I was called upon to officiate at a funeral last Saturday.
I didn’t know the one who had died, as he was not a member of the congregation I am now serving and apparently his connection to his own congregation had waned since his wife’s death and his deteriorating health made it impossible to get to worship. Regardless, it’s always been my practice to take most any funeral. I can’t imagine what it would be to not be cared for in such a fragile and tender time and so I have always done my best to fill that role whenever I’m called upon to do so. I find I’ve never regretted it. I almost always receive more than I give. This time was no exception.
On Thursday afternoon I stopped in to see his daughter and son. This is something I always do, but it is, of course, that much more important when I have no acquaintance with the family. I have found though that even if I do know the person, they will always know him better… so those calls are part condolence and part listening deeply so as to be able to shape a message which speaks to the hearts of those who are grieving.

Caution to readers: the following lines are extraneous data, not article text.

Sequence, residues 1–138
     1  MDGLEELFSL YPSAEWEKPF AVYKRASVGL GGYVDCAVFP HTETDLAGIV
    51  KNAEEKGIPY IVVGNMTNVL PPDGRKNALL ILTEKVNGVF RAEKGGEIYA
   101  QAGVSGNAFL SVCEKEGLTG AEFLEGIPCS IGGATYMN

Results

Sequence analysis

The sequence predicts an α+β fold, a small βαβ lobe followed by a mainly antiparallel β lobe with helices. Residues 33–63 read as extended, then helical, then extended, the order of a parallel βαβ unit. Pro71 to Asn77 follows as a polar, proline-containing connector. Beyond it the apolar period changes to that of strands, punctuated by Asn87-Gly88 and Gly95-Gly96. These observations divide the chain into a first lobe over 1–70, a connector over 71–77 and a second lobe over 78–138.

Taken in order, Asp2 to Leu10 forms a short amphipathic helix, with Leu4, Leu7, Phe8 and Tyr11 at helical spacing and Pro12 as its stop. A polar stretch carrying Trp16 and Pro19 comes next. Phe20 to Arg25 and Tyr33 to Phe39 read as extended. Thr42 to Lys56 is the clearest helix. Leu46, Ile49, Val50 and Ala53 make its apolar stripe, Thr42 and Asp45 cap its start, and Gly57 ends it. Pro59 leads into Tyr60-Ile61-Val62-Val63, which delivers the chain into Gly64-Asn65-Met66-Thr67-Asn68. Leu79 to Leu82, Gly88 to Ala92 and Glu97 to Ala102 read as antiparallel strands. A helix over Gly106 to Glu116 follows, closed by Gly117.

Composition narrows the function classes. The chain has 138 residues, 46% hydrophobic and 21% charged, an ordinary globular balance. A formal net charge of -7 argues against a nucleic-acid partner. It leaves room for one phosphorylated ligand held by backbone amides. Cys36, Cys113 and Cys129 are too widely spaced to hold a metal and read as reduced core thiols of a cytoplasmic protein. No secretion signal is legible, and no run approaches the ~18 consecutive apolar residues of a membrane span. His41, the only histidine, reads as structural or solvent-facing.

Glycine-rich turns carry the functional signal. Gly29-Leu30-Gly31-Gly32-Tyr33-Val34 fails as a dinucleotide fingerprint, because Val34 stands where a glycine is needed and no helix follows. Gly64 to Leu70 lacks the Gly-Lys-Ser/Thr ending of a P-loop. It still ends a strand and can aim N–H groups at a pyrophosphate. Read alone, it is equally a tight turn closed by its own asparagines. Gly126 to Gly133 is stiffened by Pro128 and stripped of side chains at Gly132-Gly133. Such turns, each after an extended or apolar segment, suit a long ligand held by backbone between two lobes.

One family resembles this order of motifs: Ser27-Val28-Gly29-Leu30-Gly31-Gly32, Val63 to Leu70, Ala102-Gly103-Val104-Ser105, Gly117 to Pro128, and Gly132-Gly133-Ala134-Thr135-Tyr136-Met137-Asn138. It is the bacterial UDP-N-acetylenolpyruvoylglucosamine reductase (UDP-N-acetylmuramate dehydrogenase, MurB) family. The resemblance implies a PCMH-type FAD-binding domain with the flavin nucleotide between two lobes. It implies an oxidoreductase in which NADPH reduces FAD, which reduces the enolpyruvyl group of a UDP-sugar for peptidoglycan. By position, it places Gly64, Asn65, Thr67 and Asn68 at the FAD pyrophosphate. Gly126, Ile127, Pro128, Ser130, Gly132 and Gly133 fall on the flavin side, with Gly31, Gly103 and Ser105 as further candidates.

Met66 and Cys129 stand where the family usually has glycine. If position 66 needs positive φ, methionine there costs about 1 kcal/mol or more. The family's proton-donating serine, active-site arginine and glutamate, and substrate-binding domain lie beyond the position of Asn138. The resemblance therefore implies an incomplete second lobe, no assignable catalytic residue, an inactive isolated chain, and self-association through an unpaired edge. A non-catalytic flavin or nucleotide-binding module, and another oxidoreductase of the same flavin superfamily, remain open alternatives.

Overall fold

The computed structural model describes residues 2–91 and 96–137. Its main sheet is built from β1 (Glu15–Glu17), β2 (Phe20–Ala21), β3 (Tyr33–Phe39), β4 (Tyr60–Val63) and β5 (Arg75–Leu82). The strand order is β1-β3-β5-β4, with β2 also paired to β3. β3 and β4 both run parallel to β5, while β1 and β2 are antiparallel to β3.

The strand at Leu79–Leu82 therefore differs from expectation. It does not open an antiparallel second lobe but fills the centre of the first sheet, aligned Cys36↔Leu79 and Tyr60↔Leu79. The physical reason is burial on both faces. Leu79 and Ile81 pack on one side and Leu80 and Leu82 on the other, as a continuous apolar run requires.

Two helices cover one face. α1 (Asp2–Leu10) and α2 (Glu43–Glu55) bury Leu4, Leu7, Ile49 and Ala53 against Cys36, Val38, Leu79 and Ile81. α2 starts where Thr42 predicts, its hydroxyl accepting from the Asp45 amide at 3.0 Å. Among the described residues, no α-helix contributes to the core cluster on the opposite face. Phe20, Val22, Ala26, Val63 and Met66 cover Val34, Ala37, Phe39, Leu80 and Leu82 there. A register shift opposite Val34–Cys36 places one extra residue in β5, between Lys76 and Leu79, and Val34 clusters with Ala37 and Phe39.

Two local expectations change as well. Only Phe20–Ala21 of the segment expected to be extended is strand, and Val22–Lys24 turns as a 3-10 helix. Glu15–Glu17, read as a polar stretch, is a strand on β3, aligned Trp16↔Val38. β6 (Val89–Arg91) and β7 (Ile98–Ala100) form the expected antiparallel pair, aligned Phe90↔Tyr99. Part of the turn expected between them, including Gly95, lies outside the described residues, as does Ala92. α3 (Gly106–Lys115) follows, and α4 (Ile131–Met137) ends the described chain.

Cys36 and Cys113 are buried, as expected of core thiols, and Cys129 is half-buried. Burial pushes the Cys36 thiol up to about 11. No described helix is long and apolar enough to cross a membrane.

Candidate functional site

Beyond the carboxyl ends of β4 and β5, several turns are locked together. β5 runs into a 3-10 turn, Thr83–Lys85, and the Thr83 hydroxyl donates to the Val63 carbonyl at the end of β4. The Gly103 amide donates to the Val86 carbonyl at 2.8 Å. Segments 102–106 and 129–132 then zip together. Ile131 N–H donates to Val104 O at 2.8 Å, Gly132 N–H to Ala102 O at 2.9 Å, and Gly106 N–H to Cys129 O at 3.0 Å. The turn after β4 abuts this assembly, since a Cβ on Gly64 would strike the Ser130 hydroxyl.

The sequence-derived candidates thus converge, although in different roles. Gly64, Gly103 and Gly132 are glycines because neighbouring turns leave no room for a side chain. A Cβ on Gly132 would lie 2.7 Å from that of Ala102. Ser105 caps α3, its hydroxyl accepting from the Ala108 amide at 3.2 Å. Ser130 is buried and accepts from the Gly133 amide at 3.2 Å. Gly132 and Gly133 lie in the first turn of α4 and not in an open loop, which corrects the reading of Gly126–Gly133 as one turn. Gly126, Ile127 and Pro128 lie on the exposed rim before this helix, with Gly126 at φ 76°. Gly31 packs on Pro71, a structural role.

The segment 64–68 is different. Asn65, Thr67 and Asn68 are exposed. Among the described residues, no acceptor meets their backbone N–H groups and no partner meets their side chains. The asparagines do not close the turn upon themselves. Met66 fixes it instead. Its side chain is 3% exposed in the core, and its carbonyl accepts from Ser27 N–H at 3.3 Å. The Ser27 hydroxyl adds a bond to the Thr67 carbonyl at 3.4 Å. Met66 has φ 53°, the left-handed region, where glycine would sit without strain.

They shared many things with me that afternoon. They talked about their dad’s lifetime vocation of carpentry and his gift for mentoring others in his trade. They spoke of brokenness in relationships and healing experienced. They talked about his joy in his grandchildren and his love of history. And they shared with me the circumstances of his dying.
For he was certainly not old —- only in his late sixties. I was told he had suffered a stroke a few years back and he had experienced circulation problems ever since. A few weeks ago when the doctor told him it was necessary to amputate his foot, else the infection would spread, he simply said no. He told his children he would be fine and in spite of their desire to keep him here no matter what, they bowed to his wishes. Within a few weeks he was gone.
He knew his limits, it seemed. He knew what sort of life would be acceptable to him and what would not. And amputation was clearly not part of it.
I respected his decision. It’s not often that I hear of one who says finally that enough is enough and is willing to trust God with the rest. This man did.
So I suppose it is not difficult to see how I returned to that story as I grappled with this week’s Gospel with Jesus’ talk of voluntary amputation. Indeed, I have to say I have always found this to be a hard text and one I would rather just skip over on my way to the more palatable of Jesus’ teachings. I, for one, can remember how these harsh words about cutting off a limb in order to keep you from sinning filled me with terror when I was a child. Back then I had no idea I could take this as metaphor, and maybe in the end, that’s okay. For there is something in the violence of the image Jesus offers now which jolts me into taking it a little more seriously.